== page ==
By

Prevention of Headaches or Migraines Triggered By Sex or Orgasm

Having a headache or migraine triggered by sex or an orgasm is a pretty cruel emotional injustice. Fortunately, preventing a sex-induced headache or migraine is surprisingly simple. And, no, the answer is not to avoid having sex. The most commonly prescribed treatment is indomethacin, a nonsteroidal anti-inflammatory that’s a close relative to ibuprofen, taken an hour before sex.

Those of you who don’t want to go to the doctor may deduce that you can pop a couple Advil and avoid the headache. Please don’t! The headache or migraine may be triggered by benign causes like a tightening of the head and neck muscles or a response to increased blood pressure and heart rate during orgasm. However, it could also be the sign of a brain hemorrhage,  stroke, heart disease, glaucoma, or other disorder. Instead of attempting to treat it yourself, please see a doctor to make sure there’s not a serious background cause.

Several trustworthy online sources say that taking a triptan an hour before sex is an effective treatment for orgasm-induced migraines. I asked a headache specialist about this and was told that this could cause a stroke. The specialist said that because both triptans and orgasms constrict blood vessels, the blood vessels could constrict too much during an orgasm. I’m not sure which source is correct here, but I stay on the side of caution and only take a triptan after an orgasm has triggered a migraine.

More information:

By

Are These Pre-migraine (Prodrome) Symptoms?

Dizziness, tremor, hot flashes, fatigue, cold hands and feet, mental fogginess, nausea, increased pulse. I was excited to discover this cluster of symptoms and thought them to be warning signs, also called prodrome, that a migraine was coming on. The earlier a migraine is detected, the earlier it can be treated, thus increasing the likelihood it can be aborted altogether. At least a dozen times, I took a triptan when I recognized these symptoms coming on and avoided the migraine pain completely. I’d feel funky for an hour or two, then feel much better. Yay for triptans, or so I thought.

Grocery shopping one day, the symptoms hit and I didn’t think to take a triptan. The symptoms were so severe that my cart functioned as a walker. I felt awful when I got to the car and knew I should go home. But I really, really, really wanted to go to Goodwill.

I pushed through, risking worsening the migraine. I put on a hat, sunglasses and earplugs to get through the store and my decision-making abilities were severely curtailed. Still, an hour passed and on my way home I felt better than I did before I went to the thrift store. So much better that I spent the afternoon cooking and cleaning.

I began experimenting with not taking a triptan when the symptoms hit. They still lasted for an hour or two and then lifted. Exactly the same pattern as when I medicated for migraine.

Are these migraine symptoms at all or is something else causing these flushes of autonomic distress? My doctor speculates medication side effects and I’m going off my antidepressants to see if that’s the case. I have to wonder if they are part of some other disorder, maybe adrenal or autonomic. Any ideas?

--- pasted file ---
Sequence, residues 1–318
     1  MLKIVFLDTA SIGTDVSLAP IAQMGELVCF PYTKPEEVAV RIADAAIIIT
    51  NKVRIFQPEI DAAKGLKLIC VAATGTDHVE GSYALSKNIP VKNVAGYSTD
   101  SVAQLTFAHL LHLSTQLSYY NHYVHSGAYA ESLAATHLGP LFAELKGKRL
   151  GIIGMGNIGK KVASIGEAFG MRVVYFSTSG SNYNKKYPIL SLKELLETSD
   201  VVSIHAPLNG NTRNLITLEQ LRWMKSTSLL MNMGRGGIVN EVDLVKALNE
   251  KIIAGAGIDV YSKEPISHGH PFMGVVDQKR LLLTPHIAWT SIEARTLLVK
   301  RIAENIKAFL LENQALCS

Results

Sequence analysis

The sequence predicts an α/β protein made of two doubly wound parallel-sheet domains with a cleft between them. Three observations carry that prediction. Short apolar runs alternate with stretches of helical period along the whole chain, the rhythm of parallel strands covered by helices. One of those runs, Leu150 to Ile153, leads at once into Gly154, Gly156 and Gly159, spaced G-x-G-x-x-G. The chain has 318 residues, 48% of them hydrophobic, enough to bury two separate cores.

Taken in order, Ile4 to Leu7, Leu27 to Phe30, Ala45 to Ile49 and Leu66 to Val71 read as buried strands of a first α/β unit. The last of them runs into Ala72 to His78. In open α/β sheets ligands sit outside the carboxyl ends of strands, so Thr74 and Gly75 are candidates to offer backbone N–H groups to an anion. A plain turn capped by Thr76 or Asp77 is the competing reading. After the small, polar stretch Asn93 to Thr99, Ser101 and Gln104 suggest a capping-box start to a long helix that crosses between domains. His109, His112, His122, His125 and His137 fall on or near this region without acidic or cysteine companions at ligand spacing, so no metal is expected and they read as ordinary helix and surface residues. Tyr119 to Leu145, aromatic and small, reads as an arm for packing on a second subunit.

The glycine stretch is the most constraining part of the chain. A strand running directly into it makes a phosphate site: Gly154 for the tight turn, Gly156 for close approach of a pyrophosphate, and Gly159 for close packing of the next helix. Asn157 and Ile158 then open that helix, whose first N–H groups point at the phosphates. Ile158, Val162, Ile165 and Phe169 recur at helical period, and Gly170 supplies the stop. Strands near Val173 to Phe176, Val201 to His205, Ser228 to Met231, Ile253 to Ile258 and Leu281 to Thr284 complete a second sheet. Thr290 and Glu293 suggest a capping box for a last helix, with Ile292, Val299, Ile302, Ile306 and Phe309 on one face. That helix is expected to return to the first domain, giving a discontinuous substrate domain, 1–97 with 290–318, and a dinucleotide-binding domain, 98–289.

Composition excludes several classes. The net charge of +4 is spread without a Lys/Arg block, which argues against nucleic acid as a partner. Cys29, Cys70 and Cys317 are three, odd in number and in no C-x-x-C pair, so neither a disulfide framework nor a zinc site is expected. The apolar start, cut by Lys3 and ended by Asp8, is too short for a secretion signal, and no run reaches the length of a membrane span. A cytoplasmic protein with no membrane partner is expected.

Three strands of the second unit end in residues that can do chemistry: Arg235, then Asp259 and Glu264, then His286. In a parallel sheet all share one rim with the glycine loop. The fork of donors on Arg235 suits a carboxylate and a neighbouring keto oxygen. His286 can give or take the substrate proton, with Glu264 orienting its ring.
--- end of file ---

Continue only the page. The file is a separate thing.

By

Education or Advertising?

Pfizer, the maker of Relpax, announced a new migraine education – and advertising – campaign today. Called “Be Stronger Than Your Migraine,” the company says the campaign provides migraine patients with tools to identify how migraine affects their lives, recognize how they interfere with their own treatment and ways to have a better relationship with their doctors.

There’s not much information available on it yet, but I’ve requested the “toolkit.” At the surface, it appears to be little more than a direct-to-consumer drug ad. You know the line: If you tell your doctor to prescribe Relpax, you’ll be in control and your pain will go away.

Am I being cynical? Yes. Volatile? Certainly. I’m tired of drug companies and media outlets telling me that I just have to be strong and my headaches will go away. Yes, it’s important to be assertive with your doc and to think about ways to become more involved in your treatment. It’s also important to grieve the losses that you’ve had because of your headaches. And to think critically about who is giving you such advice.

Mostly I’m angry because Pfizer, like many other drug companies, is promoting the idea of the miracle cure for migraine. Relpax might be the drug that improves migraine pain. But it isn’t going to work for everyone. It’s dangerous to believe in a miracle cure, because you’ll be crushed if it doesn’t exist for you.

This might turn out to be a great and empowering campaign and I’ll have egg on my face. I’ll share the information with you when I receive the materials. You can also look into it for yourself. Yahoo! has the press release, the campaign site has an overview and the Relpax website has more detailed information.

I have a Relpax prescription waiting for me at the pharmacy. Who knows, maybe it’ll be my miracle drug. In any case, you should know that one of the reasons I started this blog is because so much migraine information online is from advertisements thinly disguised as education campaigns. You can be sure that I’ll never push one medication or treatment over another.